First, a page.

The 17-year-old Windermere resident sets a high bar for himself, whether it’s winning multiple levels of a speech contest or mapping out plans to become a diplomat.
Public speaking is close to the top of the list of Max Schaked’s favorite activities. And this time, it has earned him thousands of dollars in scholarship money.
The 17-year-old Lake Highland Preparatory School senior won $9,000 in prize money in the American Legion Oratorical Contest by writing a thought-provoking speech that bested competitors representing more than 300 American Legion posts statewide.
“I absolutely love speaking,” Schaked said. “I love inspiring people through what I’m about to say. (It lets) people learn something and can potentially influence other people’s life. People came up to me afterward and said not only do they appreciate what I said but they are going to utilize it.”
His speech focused on the importance of citizens recognizing “the power of the people.”
“I don’t think people understand the power of our rights,” he said. “I think we can use that power … (to) bring a balance, a greater balance to these interactions. Whereas, a lot of people think today that government is this scary figure that has this power over the people. I think once we understand the power, it’s not so scary anymore and we can have these positive mental interactions that will help our nation — and help the individuals as well.”
Schaked represented Post 63 and Winter Garden at all levels of the national competition and excelled on each occasion. After being declared the top speaker at the post level, he continued winning at the district and eastern area levels before taking first place at the state competition. There he earned $2,500.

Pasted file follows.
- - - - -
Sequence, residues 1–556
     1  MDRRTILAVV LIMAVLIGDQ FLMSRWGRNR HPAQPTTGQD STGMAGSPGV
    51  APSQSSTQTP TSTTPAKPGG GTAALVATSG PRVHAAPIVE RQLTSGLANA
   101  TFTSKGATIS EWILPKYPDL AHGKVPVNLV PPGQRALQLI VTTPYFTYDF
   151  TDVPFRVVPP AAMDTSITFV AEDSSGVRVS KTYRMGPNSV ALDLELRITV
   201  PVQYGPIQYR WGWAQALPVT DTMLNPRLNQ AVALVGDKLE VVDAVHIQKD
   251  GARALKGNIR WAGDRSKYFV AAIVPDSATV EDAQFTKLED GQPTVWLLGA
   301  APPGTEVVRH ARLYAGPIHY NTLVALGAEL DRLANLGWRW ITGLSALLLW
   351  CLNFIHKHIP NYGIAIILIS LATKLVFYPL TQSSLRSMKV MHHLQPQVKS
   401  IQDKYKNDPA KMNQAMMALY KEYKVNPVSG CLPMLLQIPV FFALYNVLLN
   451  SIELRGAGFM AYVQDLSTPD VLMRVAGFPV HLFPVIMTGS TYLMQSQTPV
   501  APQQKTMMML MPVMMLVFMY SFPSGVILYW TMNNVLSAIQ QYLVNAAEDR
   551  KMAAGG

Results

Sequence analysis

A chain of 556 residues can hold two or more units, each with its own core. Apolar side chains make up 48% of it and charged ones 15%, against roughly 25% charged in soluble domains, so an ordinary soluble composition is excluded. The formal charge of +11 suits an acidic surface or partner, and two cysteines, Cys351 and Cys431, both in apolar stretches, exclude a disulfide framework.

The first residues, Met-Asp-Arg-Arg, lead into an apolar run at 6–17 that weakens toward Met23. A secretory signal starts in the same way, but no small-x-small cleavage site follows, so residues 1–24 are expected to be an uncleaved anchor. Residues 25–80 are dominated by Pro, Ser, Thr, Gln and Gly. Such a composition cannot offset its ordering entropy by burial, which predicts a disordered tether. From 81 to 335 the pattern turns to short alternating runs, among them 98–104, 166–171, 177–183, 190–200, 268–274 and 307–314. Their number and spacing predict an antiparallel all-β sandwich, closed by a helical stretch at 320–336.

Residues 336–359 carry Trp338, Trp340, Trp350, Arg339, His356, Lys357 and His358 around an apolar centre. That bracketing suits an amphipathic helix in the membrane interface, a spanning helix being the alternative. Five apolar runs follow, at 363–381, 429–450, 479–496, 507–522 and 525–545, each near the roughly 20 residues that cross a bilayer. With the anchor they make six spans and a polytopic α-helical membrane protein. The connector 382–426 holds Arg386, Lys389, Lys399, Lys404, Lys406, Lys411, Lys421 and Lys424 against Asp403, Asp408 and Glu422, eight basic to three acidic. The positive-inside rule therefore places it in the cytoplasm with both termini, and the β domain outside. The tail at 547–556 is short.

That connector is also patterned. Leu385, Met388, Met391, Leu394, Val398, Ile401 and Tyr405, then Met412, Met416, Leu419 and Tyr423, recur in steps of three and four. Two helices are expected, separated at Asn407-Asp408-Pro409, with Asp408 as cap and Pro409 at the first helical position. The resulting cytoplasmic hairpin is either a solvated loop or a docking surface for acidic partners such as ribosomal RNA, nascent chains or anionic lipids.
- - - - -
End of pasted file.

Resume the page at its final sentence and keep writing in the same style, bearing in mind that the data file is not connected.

The national contest was canceled because of COVID-19; otherwise, Schaked would have been in the running for $28,000 in scholarships. Instead, he received another $5,000 from American Legion National.
“We are all very confident — had (American Legion) National been able to hold the competition this year — that he would’ve clearly been a strong contender to win the national title,” American Legion Post 63 Commander Kurt Gies said. “This was evidenced from the comments made by the judges at all levels that he competed in. Post 63 is proud of his efforts and all the kids that get involved in our American Legion Americanism programs.”
Schaked is a member of the Speech and Debate Team at Lake Highland Prep and been engaging in public speaking since he was in eighth grade. This year, all of the speech and debate events were held virtually.
“When I spoke over Zoom, it didn’t have the same effect,” he said. “Even the presence of it, the fun of it, the adventure. So, I kept looking for opportunities to speak in public.”
He said the American Legion contest interested him because the competitions were held in person, and he has become friends with many of the members of Post 63.
“It’s a relationship with the American Legion that I’m very proud of and I’ll continue to hold onto to,” Schaked said. “The people I’ve met through the American Legion have been incredible on my journey. Right after I left the state competition, the first thing I did was call (Commander Gies) up. He’s been a great mentor and a great friend throughout the process.”
The money earned will go toward Schaked’s college education. He hasn’t decided on a school, but he has his eyes on the West Coast.
“I applied for Stanford University; that’s where I would absolutely love to go,” he said. “I would love to major in international diplomacy, global studies, definitely international focused. I definitely want to be a diplomat. I want to work for the state department or the NSA. That would be an incredible path to travel down.
“I set the bar very high for myself, and it will push me every day to get there,” he said. “I’ll never be comfortable.”
The American Legion Oratorical Contest is designed to allow high school students the chance to develop deeper knowledge and appreciation for the U.S. Constitution. Student orators earn college scholarships, and the overall national contest winner typically gets a $25,000 scholarship.
“The message itself was a great message, a very inspiring message,” Schaked said. “I think a lot of people enjoyed my speaking presence in the room. I’ve been working on this for years.”
Max Schaked is the son of Aileen and Edgar Schaked, of Windermere.
The Observer has invested in new technology, so you can enjoy a more personalized online experience. By creating a user profile on OrangeObserver.com, you can manage settings, customize content, enter contests and more, all while continuing to enjoy all the local news you care about — Click Here it's FREE.